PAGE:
In what is becoming an all too common occurrence, a Jewish man this week was denied freedom of worship at Judaism's most holy site, the Temple Mount in Jerusalem.
Right-wing activist Moshe Feiglin, who is expected to enter the Knesset as a Likud lawmaker in the upcoming election, was arrested on Tuesday after the Muslim authorities that control the Temple Mount spotted him quietly bowing down in prayer.
It is not the first time Feiglin has been arrested for praying atop the Temple Mount, and he joins a long list of others, many of whom have been detained for nothing more than silently mouthing Jewish prayers while visiting the holy site.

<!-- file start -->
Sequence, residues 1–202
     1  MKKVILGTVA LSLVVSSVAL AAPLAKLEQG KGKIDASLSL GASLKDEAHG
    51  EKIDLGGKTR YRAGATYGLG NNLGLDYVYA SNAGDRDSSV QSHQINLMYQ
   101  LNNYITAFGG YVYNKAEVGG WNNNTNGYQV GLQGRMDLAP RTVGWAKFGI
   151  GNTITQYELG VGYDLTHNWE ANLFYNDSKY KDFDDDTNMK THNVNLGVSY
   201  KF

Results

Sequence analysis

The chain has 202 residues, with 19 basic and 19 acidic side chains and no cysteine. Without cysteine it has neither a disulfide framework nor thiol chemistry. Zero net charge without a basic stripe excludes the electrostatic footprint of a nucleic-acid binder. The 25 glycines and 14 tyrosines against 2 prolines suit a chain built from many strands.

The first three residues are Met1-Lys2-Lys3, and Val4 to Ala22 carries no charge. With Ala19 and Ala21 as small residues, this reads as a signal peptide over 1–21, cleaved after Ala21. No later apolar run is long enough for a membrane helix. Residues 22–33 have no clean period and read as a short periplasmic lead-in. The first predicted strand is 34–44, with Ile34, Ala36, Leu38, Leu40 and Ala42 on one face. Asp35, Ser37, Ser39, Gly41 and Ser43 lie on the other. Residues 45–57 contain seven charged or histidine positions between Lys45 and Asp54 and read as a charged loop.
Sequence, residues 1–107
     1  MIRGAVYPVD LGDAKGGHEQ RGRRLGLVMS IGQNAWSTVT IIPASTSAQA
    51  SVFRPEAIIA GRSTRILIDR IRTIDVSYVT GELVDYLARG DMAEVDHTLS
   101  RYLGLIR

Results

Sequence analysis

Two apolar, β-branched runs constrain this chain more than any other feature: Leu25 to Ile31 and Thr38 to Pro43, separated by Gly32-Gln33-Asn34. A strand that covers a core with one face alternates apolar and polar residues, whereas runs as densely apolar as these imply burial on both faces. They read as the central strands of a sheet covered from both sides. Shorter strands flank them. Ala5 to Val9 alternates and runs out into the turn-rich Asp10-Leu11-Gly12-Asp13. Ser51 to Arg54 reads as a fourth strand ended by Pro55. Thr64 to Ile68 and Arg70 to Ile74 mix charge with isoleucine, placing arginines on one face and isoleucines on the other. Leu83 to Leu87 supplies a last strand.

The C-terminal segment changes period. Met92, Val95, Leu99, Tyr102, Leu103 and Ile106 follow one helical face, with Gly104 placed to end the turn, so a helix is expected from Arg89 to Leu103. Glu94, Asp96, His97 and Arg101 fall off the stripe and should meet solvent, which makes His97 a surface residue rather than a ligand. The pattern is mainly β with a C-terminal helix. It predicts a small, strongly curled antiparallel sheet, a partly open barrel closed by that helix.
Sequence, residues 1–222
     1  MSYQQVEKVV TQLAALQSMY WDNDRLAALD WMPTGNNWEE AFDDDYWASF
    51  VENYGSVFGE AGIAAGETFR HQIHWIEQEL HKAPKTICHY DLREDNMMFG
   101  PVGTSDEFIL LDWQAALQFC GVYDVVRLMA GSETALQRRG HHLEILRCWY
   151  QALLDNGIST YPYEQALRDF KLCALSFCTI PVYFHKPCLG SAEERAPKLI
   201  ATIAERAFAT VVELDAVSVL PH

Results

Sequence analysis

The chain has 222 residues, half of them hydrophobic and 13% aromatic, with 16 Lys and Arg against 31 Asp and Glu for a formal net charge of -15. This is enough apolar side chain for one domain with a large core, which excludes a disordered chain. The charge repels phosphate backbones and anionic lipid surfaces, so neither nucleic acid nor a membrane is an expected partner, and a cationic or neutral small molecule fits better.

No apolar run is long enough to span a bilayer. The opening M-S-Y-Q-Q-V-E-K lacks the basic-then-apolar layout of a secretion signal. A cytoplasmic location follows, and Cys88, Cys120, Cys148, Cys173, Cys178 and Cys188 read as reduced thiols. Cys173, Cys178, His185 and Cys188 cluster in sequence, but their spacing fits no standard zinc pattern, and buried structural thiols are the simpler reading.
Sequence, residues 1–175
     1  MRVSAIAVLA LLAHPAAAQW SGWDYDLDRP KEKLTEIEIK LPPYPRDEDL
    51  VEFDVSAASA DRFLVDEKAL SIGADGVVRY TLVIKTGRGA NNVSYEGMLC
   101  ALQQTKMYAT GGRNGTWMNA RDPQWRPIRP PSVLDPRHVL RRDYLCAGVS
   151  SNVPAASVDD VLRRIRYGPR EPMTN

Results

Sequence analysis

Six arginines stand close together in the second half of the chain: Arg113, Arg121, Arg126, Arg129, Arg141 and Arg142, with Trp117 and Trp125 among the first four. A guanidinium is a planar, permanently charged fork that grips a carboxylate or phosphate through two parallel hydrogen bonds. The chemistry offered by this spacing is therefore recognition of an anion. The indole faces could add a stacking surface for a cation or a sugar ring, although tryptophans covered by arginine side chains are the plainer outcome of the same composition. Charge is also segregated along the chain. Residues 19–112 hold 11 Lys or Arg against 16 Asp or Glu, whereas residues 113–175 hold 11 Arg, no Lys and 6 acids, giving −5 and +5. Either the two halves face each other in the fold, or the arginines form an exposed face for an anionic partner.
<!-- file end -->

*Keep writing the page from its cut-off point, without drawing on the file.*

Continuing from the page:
Out of fear of another violent Muslim reaction, the Israel Police cooperate with the Islamic Waqf that occupies the Temple Mount by forbidding visiting Jews and Christians from praying at or carrying Bibles into the compound.
Israel officially guarantees freedom of religion and worship for everyone in the country. The only group that is semi-officially discriminated against are Jews when they are visiting the Temple Mount.
This time the police are going so far as to recommend that Feiglin be officially indicted, even though there is no official law against Jews praying at the Temple Mount.